There wasn’t a whole lot to smile about this weekend if you were a Boston Red Sox fan watching the Baltimore Orioles sweep your favorite team in its fan-attended return to Fenway Park for the 2021 season.
Aside from Sunday’s blowout loss, the pitching certainly wasn’t the problem; the Red Sox offense only mustered five runs over its opening three-game series, even putting up a goose egg in the season-opener on Friday.
But Boston did win one battle with Baltimore this weekend: the Sox had the only home run of the series, courtesy of J.D. Martinez. And what a blast it was.
Martinez’s home run was the hardest-hit ball of the Red Sox’ young season, coming off the bat at 107.9 miles per hour and traveling 429 feet.
Of course, it didn’t do much to impact the outcome of the game as it came with the Red Sox already down 10-1 in the bottom of the 4th inning, but it’s still an encouraging sign for a player Boston badly needs a good performance from this season after an uncharacteristically bad 2020. For good measure, the 33-year-old slugger also hit a ringing double his next time up with an exit velocity of just over 103 mph.
While you have to beware reading too much into early-season numbers, Martinez has certainly looked more like himself in the first few games of 2021 than he did at any point last year. Statcast shows he’s getting very good wood on the ball so far, with his average exit velocity (95.2 mph; 83rd percentile), hard-hit percentage (55.6 percent), and expected slugging percentage (.586, 79th percentile) all ranking well above league average.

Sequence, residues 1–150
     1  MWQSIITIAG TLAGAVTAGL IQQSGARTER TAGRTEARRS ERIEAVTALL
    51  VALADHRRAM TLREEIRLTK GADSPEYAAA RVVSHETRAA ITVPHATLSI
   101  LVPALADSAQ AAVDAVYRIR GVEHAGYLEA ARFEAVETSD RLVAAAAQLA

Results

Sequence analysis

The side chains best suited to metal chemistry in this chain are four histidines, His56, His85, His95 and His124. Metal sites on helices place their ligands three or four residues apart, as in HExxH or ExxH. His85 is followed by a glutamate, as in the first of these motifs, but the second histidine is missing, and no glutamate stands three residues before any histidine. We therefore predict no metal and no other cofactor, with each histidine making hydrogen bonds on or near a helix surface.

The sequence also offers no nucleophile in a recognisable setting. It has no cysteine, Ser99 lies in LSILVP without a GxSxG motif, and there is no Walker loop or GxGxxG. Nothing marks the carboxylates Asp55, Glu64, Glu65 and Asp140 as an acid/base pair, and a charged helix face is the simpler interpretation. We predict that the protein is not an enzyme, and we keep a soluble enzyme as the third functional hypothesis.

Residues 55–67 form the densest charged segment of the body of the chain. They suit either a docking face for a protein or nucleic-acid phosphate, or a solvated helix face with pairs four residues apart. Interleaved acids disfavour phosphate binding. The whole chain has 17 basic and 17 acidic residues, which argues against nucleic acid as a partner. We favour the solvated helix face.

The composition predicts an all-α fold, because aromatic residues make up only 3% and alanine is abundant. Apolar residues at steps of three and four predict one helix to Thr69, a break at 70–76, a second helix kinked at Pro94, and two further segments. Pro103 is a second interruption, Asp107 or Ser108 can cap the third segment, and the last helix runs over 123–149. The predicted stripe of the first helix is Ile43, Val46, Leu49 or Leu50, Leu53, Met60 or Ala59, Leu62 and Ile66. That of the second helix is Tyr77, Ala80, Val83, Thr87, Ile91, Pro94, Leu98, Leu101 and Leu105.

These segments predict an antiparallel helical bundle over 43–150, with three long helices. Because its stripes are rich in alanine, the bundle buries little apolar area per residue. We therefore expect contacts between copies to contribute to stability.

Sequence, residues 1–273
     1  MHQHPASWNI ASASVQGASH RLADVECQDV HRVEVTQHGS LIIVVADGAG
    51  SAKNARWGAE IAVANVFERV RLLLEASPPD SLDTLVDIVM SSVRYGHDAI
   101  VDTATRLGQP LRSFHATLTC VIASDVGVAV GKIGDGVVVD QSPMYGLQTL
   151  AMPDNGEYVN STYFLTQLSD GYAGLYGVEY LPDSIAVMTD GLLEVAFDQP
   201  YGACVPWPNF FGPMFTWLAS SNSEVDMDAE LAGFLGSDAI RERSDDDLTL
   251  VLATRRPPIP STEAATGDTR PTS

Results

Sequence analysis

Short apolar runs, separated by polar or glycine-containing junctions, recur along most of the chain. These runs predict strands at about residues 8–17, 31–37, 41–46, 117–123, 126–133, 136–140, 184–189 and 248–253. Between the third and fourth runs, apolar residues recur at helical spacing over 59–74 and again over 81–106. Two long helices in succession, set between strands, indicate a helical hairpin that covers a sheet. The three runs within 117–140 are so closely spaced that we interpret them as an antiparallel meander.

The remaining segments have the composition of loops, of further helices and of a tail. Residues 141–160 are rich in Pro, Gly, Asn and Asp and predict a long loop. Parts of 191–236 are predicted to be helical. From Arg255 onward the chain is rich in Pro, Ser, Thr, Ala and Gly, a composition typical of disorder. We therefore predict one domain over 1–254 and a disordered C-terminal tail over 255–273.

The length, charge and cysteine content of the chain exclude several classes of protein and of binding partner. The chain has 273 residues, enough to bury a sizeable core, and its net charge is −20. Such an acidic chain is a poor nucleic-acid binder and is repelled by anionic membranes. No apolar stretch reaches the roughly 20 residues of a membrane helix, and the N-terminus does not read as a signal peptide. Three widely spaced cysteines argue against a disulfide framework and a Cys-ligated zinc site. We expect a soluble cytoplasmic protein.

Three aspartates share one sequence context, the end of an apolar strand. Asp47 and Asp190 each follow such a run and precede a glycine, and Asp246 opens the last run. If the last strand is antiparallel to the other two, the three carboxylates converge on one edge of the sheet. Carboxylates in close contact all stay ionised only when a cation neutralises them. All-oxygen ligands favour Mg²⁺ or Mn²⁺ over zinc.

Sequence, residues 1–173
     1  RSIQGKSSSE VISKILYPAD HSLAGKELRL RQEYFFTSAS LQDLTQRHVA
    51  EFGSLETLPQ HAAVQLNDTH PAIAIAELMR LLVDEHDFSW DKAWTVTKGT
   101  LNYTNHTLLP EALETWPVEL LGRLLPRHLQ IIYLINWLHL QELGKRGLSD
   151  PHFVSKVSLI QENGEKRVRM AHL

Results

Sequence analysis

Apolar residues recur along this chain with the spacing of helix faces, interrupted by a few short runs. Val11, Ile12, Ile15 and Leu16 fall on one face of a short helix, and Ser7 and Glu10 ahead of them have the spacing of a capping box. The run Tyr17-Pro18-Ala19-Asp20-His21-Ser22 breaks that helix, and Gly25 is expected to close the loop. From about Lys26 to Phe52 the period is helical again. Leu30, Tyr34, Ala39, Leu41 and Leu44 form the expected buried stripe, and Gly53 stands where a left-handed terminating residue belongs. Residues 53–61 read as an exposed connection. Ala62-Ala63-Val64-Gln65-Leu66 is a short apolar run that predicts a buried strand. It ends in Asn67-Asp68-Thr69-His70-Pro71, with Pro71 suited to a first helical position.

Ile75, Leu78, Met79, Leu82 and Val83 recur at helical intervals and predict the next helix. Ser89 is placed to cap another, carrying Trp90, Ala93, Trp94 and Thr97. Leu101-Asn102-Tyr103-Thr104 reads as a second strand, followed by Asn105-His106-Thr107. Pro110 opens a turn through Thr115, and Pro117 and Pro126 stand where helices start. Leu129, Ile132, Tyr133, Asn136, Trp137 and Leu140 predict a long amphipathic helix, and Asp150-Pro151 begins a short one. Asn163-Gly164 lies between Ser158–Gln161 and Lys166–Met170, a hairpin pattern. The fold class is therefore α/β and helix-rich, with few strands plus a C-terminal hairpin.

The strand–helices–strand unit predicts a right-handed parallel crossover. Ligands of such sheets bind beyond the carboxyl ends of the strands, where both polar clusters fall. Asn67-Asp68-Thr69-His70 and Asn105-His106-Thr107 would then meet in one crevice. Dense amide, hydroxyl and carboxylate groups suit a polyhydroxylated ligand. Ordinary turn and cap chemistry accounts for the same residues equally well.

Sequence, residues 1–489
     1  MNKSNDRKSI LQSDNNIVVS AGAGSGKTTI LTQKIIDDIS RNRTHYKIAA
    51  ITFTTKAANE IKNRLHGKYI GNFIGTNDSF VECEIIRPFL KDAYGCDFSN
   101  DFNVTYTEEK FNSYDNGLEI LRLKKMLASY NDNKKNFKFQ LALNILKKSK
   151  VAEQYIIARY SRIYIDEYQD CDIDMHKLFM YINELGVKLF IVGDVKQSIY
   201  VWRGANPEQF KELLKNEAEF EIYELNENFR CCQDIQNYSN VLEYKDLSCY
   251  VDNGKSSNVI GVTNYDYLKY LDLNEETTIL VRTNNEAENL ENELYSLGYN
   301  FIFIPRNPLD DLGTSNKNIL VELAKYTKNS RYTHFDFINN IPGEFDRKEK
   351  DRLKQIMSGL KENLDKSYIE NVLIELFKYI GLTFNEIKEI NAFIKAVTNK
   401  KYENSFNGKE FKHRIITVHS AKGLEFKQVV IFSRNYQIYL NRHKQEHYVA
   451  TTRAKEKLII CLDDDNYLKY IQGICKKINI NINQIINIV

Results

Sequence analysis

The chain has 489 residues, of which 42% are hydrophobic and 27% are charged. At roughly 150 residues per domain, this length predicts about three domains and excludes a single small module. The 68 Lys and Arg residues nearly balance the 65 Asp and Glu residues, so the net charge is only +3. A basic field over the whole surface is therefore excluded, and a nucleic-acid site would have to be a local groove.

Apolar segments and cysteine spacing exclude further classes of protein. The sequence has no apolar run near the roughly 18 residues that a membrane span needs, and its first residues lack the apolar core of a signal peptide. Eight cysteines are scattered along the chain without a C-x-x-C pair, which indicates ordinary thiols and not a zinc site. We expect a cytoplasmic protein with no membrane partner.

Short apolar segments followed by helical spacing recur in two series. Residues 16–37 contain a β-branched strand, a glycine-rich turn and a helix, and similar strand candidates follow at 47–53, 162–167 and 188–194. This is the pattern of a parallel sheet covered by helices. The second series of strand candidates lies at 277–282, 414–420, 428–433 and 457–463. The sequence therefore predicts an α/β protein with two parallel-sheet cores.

Unfortunately, he’s one of the only Red Sox who hit the ball hard during a lethargic opening series offensively.
Only Marwin Gonzalez managed more than one batted ball with an exit velocity greater than 100 mph in Boston’s first three games. That’s notable because 15 of the 25 balls hit by both the Red Sox and Orioles went for hits, which equates to an average of .600. Martinez had five such batted balls on his own, with four going for hits.
In fact, the Sox had just 23 of the 59 batted balls coming off the bat at 95 mph or faster, which had a batting average of .508 in the series. The team’s cringe-worthy .160 batting average and .448 OPS over the weekend hardly feels surprising with that in mind.
Fortunately for Boston, it’s still early, and the Red Sox get a chance to start afresh Monday night against the defending American League Champion Tampa Bay Rays.
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